A Texas man's obituary struck a chord with the nation this week.
David Nagy, a resident of Jefferson, Texas — a small burg northeast of Longview — died of COVID-19 in late July. While such tragedy is unfortunately commonplace as Texas
reels from high infection numbers, the scathing obituary his family published in the local paper, the Jefferson Jimplecute
, is not. And people quickly took notice on social media.
As the short memorial went viral, news outlets nationwide picked up the story, including Buzzfeed
, The Hill
and the New York Post
"David W. Nagy passed away on July 22, 2020 in the ICU at Christus Good Shepherd Hospital in Longview. He suffered greatly from the ravages of the COVID-19 virus and the separation from his much loved family who were not allowed at his bedside," the obit reads.
After a brief summary of Nagy's life, the obituary doubles down on its enraged tone, laying the blame for his death at the feet of two leaders who have notoriously avoided taking any decisive action to stem the tide of the pandemic: Texas Gov. Greg Abbott
and President Donald Trump.
"Family members believe David's death was needless," it continues. "They blame his death and the deaths of all the other innocent people, on Trump, Abbott and all the other politicians who did not take this pandemic seriously and were more concerns with their popularity and votes than lives."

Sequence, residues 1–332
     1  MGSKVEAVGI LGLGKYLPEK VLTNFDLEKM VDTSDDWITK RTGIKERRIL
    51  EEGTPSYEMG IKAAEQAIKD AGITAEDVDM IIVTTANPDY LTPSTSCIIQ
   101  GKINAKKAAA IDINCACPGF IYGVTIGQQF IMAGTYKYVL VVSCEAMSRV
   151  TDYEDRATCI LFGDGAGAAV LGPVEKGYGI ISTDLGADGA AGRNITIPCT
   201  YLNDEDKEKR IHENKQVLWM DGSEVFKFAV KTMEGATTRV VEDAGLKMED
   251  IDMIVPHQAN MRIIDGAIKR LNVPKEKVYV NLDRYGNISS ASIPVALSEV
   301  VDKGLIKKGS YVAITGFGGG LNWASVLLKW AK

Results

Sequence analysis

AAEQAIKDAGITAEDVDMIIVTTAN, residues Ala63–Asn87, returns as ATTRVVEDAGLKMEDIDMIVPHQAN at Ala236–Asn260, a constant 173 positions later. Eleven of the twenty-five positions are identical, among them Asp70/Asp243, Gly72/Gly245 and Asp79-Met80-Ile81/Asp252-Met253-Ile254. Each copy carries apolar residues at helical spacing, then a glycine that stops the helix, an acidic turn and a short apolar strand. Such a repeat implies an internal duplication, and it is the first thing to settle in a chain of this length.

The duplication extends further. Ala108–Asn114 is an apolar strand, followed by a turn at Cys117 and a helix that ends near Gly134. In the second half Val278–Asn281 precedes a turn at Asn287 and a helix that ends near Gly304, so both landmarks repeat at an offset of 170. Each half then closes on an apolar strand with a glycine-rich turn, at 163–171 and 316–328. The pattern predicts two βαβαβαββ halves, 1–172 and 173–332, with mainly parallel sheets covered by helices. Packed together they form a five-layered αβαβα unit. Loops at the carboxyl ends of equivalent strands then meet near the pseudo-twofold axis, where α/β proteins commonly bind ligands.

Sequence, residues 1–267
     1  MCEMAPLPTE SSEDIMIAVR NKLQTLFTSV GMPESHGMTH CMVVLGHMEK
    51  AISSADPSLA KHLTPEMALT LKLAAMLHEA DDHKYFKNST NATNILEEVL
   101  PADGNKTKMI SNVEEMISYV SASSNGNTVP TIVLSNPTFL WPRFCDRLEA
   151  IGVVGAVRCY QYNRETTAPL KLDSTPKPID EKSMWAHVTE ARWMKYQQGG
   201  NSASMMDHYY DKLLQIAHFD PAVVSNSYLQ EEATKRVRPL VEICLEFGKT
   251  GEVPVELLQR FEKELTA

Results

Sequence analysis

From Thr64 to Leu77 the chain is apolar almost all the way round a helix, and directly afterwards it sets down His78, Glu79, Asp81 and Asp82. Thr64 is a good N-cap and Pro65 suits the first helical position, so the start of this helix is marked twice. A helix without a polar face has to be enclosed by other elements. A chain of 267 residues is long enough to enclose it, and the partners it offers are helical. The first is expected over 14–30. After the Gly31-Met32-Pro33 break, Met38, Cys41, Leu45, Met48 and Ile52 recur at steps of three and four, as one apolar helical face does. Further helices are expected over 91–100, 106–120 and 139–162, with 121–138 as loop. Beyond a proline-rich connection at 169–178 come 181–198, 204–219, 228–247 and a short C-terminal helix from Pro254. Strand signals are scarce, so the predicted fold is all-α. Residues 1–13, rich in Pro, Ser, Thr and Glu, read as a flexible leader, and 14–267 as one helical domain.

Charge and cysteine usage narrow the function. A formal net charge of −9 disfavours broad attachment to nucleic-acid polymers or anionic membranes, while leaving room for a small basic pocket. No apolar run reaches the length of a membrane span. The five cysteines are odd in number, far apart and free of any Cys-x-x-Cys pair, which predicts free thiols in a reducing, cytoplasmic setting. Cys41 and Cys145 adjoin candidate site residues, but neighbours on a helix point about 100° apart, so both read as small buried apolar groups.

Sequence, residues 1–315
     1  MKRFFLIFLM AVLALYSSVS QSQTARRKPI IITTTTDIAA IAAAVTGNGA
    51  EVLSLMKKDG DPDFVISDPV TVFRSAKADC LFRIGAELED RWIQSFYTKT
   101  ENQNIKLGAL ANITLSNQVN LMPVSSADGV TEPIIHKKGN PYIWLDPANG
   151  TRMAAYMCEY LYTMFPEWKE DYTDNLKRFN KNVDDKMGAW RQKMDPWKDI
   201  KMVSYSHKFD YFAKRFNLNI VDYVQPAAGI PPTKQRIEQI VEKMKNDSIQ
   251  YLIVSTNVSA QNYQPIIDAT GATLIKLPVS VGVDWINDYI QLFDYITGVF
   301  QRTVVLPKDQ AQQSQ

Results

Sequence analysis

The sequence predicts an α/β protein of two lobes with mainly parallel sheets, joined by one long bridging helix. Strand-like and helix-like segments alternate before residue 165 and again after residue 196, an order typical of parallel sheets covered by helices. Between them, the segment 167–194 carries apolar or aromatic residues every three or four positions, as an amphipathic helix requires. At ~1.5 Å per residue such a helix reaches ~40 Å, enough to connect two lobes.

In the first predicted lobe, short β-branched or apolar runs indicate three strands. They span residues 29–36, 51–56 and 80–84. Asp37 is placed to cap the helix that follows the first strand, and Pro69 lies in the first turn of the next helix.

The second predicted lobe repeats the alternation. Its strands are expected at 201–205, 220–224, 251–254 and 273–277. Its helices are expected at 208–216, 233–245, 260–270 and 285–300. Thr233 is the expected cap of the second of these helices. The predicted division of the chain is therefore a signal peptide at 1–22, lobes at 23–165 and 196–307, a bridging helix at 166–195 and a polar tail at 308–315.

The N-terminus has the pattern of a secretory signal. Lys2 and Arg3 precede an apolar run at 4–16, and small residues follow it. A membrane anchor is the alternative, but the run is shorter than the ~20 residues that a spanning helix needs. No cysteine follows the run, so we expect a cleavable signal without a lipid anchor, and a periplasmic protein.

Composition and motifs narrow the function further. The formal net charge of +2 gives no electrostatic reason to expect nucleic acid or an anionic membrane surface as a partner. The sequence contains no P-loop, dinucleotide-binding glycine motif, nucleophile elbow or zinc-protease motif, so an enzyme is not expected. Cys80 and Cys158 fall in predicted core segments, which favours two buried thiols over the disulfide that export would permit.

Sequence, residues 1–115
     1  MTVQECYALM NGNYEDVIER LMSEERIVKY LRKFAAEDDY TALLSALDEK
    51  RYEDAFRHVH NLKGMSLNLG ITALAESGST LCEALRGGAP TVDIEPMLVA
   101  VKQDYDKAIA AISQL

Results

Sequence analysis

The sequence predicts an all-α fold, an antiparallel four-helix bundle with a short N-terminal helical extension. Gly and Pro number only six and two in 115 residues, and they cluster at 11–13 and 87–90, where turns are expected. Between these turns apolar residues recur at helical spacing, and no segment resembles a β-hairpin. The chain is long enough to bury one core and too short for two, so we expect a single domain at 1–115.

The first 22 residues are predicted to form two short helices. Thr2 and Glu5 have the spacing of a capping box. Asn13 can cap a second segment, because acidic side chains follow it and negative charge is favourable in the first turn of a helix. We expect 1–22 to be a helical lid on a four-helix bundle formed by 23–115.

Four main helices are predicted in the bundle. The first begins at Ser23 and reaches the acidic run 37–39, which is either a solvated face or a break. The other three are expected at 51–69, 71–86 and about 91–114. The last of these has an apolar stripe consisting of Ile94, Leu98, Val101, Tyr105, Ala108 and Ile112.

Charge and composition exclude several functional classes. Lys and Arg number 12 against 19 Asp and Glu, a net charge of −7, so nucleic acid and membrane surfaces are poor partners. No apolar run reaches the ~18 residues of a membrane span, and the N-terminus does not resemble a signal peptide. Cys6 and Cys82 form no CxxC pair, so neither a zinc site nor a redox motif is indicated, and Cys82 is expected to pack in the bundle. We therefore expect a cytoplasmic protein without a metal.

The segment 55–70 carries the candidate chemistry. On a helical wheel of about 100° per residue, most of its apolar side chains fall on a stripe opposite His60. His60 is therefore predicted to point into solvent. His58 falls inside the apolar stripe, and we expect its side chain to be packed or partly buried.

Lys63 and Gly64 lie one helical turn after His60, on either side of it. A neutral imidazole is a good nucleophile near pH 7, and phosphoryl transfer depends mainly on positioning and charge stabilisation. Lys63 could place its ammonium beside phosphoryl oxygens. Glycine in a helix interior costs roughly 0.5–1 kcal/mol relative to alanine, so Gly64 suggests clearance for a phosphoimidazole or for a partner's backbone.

It doesn't stop there, though: "Also to blame are the many ignorant, self centered and selfish people who refused to follow the advice of the medical professionals, believing their 'right' not to wear a mask was more important than killing innocent people.
"A statement issued by the family declared that Dave did everything he was supposed to do, but you did not. Shame on all of you, and may Karma find you all!"
got in touch with Nagy's widow, Stacey Nagy, to confirm that the obituary was genuine — and it is.
"It gets me so angry that people are aren’t taking this seriously," she told the website.
"The people who are dying are the older people especially — a lot of younger people are dying too — but it’s almost like they’re saying, 'Who cares about the older people?' I’ve been with my husband for 20 years, and all of a sudden, he’s gone. People should know how this makes others feel."
She also expressed anger at the politicization of the pandemic.
"It’s not political," she said. "It’s life and death."
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